Date of Award

5-2012

Level of Access

Campus-Only Dissertation

Degree Name

Doctor of Philosophy (PhD)

Department

Interdisciplinary Program

Advisor

Michael L. Peterson

Second Committee Member

Robert Causey

Third Committee Member

Melissa Landon Maynard

Abstract

Historically, equine racing surfaces have been selected and maintained without considering quantifiable data for horse biomechanics or surface mechanical properties. This approach is currently shifting in the racing industry, with an increased interest in understanding the mechanics of the hoof-surface interface to reduce injuries. This dissertation examines three components influencing the hoof-surface interface: 1) correlations between mineralogical composition of dirt tracks, track designs, and climate; 2) the effect of variable cushion depth on dynamic loading, and 3) the effects of different horseshoes on dynamic loading. The second and third pieces of this research are based on an experimental procedure designed to mimic in-situ performance.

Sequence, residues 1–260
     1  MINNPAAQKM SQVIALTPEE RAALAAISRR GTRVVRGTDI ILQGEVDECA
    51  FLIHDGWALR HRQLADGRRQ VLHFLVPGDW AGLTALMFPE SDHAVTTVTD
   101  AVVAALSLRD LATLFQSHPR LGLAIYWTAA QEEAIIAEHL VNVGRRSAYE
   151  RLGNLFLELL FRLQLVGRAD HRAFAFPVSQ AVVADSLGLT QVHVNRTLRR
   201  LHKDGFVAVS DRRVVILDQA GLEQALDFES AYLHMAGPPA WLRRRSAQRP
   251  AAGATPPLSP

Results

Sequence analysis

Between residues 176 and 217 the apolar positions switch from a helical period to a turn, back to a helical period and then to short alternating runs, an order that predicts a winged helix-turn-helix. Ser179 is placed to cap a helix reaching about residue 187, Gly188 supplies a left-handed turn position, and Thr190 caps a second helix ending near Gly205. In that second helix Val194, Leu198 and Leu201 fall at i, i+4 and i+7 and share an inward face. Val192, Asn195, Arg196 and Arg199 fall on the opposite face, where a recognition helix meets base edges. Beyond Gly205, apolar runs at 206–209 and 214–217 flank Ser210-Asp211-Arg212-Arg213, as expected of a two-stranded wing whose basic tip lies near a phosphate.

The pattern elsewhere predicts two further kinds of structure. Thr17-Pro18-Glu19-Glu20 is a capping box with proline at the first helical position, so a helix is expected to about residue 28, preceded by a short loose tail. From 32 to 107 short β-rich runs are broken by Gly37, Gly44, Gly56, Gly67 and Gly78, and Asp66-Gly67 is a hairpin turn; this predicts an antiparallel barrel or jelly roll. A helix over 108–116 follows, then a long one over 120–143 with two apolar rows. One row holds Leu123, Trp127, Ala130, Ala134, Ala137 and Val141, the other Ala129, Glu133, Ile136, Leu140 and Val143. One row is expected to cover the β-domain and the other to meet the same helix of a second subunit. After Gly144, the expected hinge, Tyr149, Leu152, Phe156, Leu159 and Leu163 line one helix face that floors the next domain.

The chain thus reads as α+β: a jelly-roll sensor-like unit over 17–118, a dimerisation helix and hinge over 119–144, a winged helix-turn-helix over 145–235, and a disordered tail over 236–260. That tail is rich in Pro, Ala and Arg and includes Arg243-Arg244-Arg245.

In dirt racetracks, clay content is critical to moisture management and influences mechanical properties. Clay mineralogy was determined for 26 tracks representing three track designs: shallow sand, false base, and false base with a pad. Results demonstrate that shallow sand tracks occur in areas with the highest annual precipitation and have the lowest average clay content, whereas tracks with a false base and pad have the lowest annual precipitation and the highest average clay content. Understanding moisture and clay effects in racetracks can aid in quantifying track maintenance decisions.

The next tested parameter was the effect of cushion depth on dynamic loading experienced by the horse for a range of surface conditions. The difference of 5 cm in depth significantly affects the peak load and loading rate. This effect may be reduced when a surface material is maintained at a moisture level at which maximum dry density occurs.

Finally, three horseshoes–a flat racing plate, a serrated V-grip, and a shoe with a grab and heel calks–were tested on synthetic and dirt track materials. The shoes were not significantly different barring one exception: loading rate for the V-Grip shoe on a synthetic surface was significantly less than that of the other shoes. All other statistically significant differences were due to surface variation rather than shoe type.

Understanding these variables adds to the body of knowledge needed for more quantitative decision-making on racing surfaces and also adds to the data framework necessary for robust epidemiological studies.

Comments

Interdisciplinary in Biomechanical Engineering and Materials Science

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